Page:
performed in the secondary market. Both
the dollar and the euro Pfandbriefe were
placed substantially outside Germany
with new investors. More than a third of
the euro-denominated Pfandbrief went
to Scandinavian investors. This interest
continued afterwards with the issuance
of Pfandbriefe in Swedish kronor — the
SEK3.05bn (€270m) size made pbb the
largest non-Scandinavian Swedish krona
issuer!
So we had found new equilibrium
levels that actually work for our business
model, since the margins on our loans
have also increased.
Moreover, the loans on our asset side
have become shorter, so we need pre-
cisely this three year funding. Most of
the covered bond market finances resi-
dential mortgages, which have a substan-
tially longer term than our commercial
mortgages. Consequently, the respective
bonds are now using the longer end of
the curve and the three year bucket faces
less supply.
Day, The CBR: What is your response
to the headlines and blow-out in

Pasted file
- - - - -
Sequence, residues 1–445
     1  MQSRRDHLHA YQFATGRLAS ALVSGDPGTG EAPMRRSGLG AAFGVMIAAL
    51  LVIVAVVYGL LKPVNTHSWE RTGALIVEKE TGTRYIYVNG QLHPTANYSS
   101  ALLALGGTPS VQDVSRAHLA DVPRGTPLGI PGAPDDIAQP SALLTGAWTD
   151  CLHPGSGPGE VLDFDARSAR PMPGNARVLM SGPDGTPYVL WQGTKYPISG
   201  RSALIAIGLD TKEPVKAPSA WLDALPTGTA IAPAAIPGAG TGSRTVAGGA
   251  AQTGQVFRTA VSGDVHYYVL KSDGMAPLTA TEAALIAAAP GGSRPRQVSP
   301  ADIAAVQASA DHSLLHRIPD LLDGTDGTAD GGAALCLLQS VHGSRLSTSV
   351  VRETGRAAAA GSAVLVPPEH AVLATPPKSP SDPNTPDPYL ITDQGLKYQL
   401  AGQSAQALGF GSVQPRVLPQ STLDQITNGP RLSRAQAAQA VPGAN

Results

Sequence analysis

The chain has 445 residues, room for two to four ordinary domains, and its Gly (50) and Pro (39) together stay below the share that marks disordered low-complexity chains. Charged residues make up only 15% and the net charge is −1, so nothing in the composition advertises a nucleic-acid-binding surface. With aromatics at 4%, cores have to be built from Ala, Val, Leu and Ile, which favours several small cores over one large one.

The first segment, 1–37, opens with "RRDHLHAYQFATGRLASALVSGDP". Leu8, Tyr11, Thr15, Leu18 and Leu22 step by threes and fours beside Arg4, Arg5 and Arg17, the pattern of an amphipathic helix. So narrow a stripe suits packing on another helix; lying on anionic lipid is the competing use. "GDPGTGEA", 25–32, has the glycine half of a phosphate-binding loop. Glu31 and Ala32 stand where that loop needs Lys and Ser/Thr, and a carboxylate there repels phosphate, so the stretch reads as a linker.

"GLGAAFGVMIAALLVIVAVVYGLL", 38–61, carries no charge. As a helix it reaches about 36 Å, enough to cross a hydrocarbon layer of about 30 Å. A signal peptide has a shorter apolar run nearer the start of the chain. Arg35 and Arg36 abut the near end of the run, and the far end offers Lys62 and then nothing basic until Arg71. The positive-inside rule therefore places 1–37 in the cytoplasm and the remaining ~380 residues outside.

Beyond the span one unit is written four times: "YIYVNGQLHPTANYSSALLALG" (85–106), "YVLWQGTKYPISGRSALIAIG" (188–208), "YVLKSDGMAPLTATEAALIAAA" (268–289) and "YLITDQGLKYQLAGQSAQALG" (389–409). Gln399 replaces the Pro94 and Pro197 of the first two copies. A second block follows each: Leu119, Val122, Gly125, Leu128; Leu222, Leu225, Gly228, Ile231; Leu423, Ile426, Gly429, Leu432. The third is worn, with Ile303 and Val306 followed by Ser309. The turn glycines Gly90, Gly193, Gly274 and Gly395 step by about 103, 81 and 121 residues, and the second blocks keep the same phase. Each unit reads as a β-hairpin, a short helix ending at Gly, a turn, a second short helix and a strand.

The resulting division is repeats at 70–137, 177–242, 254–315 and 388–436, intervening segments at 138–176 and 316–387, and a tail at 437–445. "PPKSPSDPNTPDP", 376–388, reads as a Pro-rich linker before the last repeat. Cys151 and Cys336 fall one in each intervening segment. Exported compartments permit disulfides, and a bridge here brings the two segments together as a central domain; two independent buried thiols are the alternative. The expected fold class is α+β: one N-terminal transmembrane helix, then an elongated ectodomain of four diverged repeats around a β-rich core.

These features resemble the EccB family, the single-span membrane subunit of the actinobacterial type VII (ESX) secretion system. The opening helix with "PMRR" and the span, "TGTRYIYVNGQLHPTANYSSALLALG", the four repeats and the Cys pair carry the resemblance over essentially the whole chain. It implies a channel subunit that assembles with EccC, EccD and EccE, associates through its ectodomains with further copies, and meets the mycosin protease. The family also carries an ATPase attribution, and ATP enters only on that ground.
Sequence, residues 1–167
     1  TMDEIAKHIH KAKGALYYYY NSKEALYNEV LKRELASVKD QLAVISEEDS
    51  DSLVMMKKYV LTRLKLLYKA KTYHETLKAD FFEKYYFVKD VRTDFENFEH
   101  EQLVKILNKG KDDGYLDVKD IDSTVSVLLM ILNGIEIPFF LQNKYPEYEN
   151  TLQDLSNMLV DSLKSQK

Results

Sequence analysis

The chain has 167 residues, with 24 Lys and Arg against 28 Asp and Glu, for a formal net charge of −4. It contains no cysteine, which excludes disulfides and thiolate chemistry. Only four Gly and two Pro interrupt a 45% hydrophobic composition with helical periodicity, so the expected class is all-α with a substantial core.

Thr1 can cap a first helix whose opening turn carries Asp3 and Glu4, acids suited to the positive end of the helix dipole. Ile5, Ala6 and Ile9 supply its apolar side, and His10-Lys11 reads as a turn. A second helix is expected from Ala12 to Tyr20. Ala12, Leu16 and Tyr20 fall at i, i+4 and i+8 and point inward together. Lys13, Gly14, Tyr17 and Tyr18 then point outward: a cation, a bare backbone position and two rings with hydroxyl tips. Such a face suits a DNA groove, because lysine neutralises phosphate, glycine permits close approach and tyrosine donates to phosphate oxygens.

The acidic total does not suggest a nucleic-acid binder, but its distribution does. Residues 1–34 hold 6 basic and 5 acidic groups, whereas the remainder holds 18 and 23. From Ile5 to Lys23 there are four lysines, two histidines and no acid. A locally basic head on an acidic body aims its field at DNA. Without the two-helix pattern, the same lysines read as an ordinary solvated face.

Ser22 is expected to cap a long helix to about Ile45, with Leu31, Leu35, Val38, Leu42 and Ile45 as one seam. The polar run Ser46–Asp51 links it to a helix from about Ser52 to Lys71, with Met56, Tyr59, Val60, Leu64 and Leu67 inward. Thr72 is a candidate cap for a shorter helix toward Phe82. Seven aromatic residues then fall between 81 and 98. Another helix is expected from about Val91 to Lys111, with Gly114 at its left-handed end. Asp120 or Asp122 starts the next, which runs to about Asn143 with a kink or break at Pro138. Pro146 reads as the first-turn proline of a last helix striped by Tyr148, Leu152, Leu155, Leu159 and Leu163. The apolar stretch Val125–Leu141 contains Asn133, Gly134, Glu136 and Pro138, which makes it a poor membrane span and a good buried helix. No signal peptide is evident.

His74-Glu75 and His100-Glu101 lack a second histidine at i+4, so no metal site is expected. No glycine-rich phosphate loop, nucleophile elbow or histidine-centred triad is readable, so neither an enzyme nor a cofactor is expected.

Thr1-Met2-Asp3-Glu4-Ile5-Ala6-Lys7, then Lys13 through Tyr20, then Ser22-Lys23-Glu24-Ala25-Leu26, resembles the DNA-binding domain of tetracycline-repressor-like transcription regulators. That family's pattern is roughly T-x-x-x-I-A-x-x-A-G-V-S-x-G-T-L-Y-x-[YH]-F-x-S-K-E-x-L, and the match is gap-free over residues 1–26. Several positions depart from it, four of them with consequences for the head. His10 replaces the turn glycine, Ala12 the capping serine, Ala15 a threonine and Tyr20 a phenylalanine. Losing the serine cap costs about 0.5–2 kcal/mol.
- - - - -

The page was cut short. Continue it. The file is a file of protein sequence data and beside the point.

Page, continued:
your spreads that followed?
Michl, pbb: Negative headlines on
banks active in the US real estate mar-
ket triggered investors to look for banks
with similar exposures and they rather
quickly identified us as a bank with high
concentration in commercial real estate.
The spreads for our Pfandbriefe moved
out quite massively, to 80bp, 90bp. There
was quite active trading, with new inves-
tors coming in at these elevated levels. We
are now back into the 50s, within three
months — that is quite some volatility for
the covered bond market.
Our reaction to the situation in Febru-
ary focused on transparency and investor
communication. We confirmed the guid-
ance for 2023, which we had given with
our Q3/23 results, and made a clear state-
ment on our liquidity position.
Donsimoni, Amundi: The market is
really nervous, so while there can be
this strong tightening, it can also widen
strongly and rapidly when there is bad
news. We’ve seen that in recent cases,
such as Covid, Trump or the US banks.
But then ultimately Stéphane will give us
his view on the bank and whether we can
jump in.
Pisana, AllianzGI: At the end of the day,
you remain a bank, and we have seen as
recently as last year banks going into de-
fault not just because of credit risk, but
because of liquidity issues. There could be
a run on the bank and that’s the worst risk
a bank can face. So I agree that all the cov-
enants of the Pfandbrief and also the over-
collateralisation you mentioned are quite
protective, but things can go down quickly
if there are concerns on the investor side
and a run on the bank. I appreciated the
news you put out at the beginning of the
year on the funding side, on the term de-
posits you have. But my understanding
is that this is still not a done deal; in the